Declaration of Independence DBQ
In the two decades prior to the Revolution, the Americans built up a series of grievances against the British government. Those complaints were clearly articulated in the Declaration of Independence. The colonists did this to prove to every other country in the worlds that their reason for war was justified. It is also important to keep in mind that when Thomas Jefferson wrote this, he did not mean for it to be a historical text, he wrote it as a persuasive essay to gain support from other European countries.
So the fact that some of the grievances listed may be fabricated or altercated, is only natural if you want to gain allies, and make your parent country look bad. The colonists didn’t want to quietly separate form the British; they wanted to make a statement. Although some of the charges leveled against the king in the Declaration aren’t valid, the majority of the charges, including those about trade, economics, political influence, and domestic feuding, were very much valid charges.
The grievance in the Declaration of independence that specifically addresses the commerce problem within the colonies states that Britain “cut off all trade with other parts of the world,” except them. We can clearly see this statement is a valid grievance, because if we examine the numerical statistics of imports and exports of Britain in the years of 1763-1775, we can clearly see a disturbing pattern. In Britain’s trade with the colonies the colonists received about ¼ of what they exported, back in imports (Document B). This unbalance is a big gap that identifies the underlying issue of monopolization, which the British had over the colonies. The Colonists couldn’t possibly have traded with any other country anyways because they had no money. The Grievance in the Declaration of independence that addresses international trade is in fact a valid grievance.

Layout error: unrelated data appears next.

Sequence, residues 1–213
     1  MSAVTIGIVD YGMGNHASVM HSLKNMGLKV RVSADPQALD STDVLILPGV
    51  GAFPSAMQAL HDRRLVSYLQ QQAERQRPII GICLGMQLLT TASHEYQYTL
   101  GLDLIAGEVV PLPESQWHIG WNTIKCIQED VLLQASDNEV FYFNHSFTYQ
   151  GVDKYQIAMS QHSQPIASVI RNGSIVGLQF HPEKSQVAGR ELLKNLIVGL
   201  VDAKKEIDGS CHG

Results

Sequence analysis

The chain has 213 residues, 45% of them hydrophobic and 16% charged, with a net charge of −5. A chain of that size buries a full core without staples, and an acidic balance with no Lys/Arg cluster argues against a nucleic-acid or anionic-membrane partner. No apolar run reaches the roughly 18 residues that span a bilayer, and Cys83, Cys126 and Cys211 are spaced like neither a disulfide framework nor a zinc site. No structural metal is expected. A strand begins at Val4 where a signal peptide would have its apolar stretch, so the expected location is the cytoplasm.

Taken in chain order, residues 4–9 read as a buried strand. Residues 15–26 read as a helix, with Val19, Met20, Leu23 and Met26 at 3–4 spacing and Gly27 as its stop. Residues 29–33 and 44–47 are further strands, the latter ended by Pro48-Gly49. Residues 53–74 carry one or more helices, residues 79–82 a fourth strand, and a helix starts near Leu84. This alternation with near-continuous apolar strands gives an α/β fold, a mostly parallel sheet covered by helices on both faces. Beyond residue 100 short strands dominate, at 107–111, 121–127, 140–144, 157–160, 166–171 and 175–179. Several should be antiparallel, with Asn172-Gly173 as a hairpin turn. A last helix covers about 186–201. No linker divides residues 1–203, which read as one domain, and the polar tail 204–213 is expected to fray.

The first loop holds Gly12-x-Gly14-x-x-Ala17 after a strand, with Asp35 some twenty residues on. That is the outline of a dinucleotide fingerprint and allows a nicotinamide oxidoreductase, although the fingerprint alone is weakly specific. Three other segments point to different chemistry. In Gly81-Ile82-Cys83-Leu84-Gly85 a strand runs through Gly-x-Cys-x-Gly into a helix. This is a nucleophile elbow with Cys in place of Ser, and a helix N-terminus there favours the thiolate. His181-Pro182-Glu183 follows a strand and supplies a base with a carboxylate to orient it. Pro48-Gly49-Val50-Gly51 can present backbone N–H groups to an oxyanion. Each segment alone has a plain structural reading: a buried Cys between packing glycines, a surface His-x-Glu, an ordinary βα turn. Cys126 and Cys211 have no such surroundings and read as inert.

The grievance in the Declaration of independence that comments on the unjust taxes that existed within the colonies, stated that Britain “imposed taxes without are consent.” There were several Tax legislations that The British parliament created for the colonies, without the colonies consent. Examples of these taxes include: the Sugar Act (1764), the Currency Act (1764), the Stamp Act (1765), the Townshed acts (1766), and the Tea Act (1773). These Acts along with others laid the foundation for unrest and high tension within the colonies, towards Britain.
Benjamin Franklin outlined the specifics of the taxation of the colonists, before the House of Commons, with his statement, “An External Tax is a duty laid on the commodities imported…, if the people don’t like it, they can refuse it, and are not obliged to pay. But an internal tax is one forced from the people without their consent” (document C). Ben Franklin being an intellectual himself could have provided an educated and relatively impartial statement. Britain mainly used internal taxes to extract wealth form the colonists, and thus seemed more unjust, as the whole process was by way of force. This created further resentment within the colonies and was a major cause of the American Revolution. The Grievance that discusses the taxation of the colonists, by the British was very much a valid Statement.